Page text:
SINGAPORE, 18 Jan 2018 – The transportation industry has evolved with the advent of technology and with the birth idea of Uber, now Grab – many other companies of such business model are on the rise. It is no wonder Uber is heavily challenged in Russia and Smart country like, China.
Uber has reportedly swapped its businesses in both countries for a stake in Didi Chuxing, China’s major ride-sharing company and a joint venture with Yandex, Russian multinational technology company. Or do you think is better for Uber to partner Grab, another big market shareholder, which shares a backer in SoftBank in the buoyancy of this venture?
In August 2016, Uber swapped its Chinese subsidiary for a roughly 20% stake in local rival Didi.
Uber’s next ride-share could be in Southeast Asia because of the huge market that marked Indonesia to Myanmar. Initially, they have confronted these regions’ traffic to be chaotic and downturn of attracting less affluent clients.
In order to enter into the Southeast Asians’ market, there will be a few barriers of entry and other logistical problems to resolve especially where Uber rivals such as Singapore-based Grab and Indonesia’s Go Jek have grown quickly.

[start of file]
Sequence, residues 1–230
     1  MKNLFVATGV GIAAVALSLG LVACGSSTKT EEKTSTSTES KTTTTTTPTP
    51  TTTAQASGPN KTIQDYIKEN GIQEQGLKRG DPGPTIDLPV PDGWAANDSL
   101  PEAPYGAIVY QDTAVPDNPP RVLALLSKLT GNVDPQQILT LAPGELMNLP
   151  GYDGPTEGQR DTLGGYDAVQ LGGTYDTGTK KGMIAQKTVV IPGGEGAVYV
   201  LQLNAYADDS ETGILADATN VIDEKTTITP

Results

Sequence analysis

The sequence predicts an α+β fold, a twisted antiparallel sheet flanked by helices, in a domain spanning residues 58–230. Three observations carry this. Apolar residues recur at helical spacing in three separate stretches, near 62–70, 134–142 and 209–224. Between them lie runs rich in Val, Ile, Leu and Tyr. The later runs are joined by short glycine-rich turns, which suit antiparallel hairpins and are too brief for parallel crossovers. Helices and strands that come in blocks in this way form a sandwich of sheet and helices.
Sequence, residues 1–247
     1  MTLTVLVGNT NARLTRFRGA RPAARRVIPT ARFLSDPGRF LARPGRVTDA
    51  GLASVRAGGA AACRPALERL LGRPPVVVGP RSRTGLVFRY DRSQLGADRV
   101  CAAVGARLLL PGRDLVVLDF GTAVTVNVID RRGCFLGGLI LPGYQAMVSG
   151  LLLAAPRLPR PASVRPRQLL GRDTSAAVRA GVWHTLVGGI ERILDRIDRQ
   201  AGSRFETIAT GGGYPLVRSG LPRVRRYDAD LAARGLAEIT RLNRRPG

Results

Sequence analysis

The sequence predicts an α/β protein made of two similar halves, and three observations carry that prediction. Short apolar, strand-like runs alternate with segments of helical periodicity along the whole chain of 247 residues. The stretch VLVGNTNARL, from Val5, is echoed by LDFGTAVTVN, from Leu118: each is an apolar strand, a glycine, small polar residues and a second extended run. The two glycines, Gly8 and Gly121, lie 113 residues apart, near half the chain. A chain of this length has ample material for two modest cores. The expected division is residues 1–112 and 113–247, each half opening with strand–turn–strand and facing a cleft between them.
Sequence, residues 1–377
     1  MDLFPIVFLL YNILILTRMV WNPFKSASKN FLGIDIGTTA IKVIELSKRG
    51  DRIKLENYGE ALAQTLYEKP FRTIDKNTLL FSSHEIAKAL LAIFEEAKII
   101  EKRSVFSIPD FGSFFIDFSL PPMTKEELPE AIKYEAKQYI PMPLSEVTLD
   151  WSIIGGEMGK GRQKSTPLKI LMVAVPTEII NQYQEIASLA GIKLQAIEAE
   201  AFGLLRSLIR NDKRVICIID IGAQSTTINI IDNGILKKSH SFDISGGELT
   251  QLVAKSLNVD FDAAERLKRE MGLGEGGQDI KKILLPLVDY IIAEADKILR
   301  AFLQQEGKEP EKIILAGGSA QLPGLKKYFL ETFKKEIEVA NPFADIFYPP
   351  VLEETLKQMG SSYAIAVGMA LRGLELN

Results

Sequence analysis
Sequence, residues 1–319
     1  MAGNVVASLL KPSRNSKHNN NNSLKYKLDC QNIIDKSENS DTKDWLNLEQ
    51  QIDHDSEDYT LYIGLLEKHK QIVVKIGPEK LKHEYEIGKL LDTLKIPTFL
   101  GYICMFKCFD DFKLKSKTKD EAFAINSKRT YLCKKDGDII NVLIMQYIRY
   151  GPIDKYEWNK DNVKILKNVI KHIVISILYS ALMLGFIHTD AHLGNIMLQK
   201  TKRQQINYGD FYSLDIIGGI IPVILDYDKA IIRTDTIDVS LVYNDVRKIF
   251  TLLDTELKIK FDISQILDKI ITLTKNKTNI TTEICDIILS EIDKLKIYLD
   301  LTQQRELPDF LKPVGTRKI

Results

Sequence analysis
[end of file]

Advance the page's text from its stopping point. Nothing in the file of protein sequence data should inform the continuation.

By comparison, Uber has taken a longer period of time to the acceptance modality of cash.
Its broader challenge is chief executive Dara Khosrowshahi’s plan for an initial public offering due in 2019. In addition to cleaning up a slew of past scandals, he will have to point to a stronger income statement. A wider net loss of some US$1.5 billion in the third quarter suggests there is much work to be done.
In consideration of offloading the costly operations in places like China, Uber has recently stripped its car leasing business in Singapore and merged with the city-state’s largest taxi operator, ComfortDeglGro in exchange for access to more drivers.
Continuing to burn cash is hardly sustainable and regional partnerships, at least provide hedges of sorts.
Uber’s route to the public markets warrants a detour in Southeast Asia.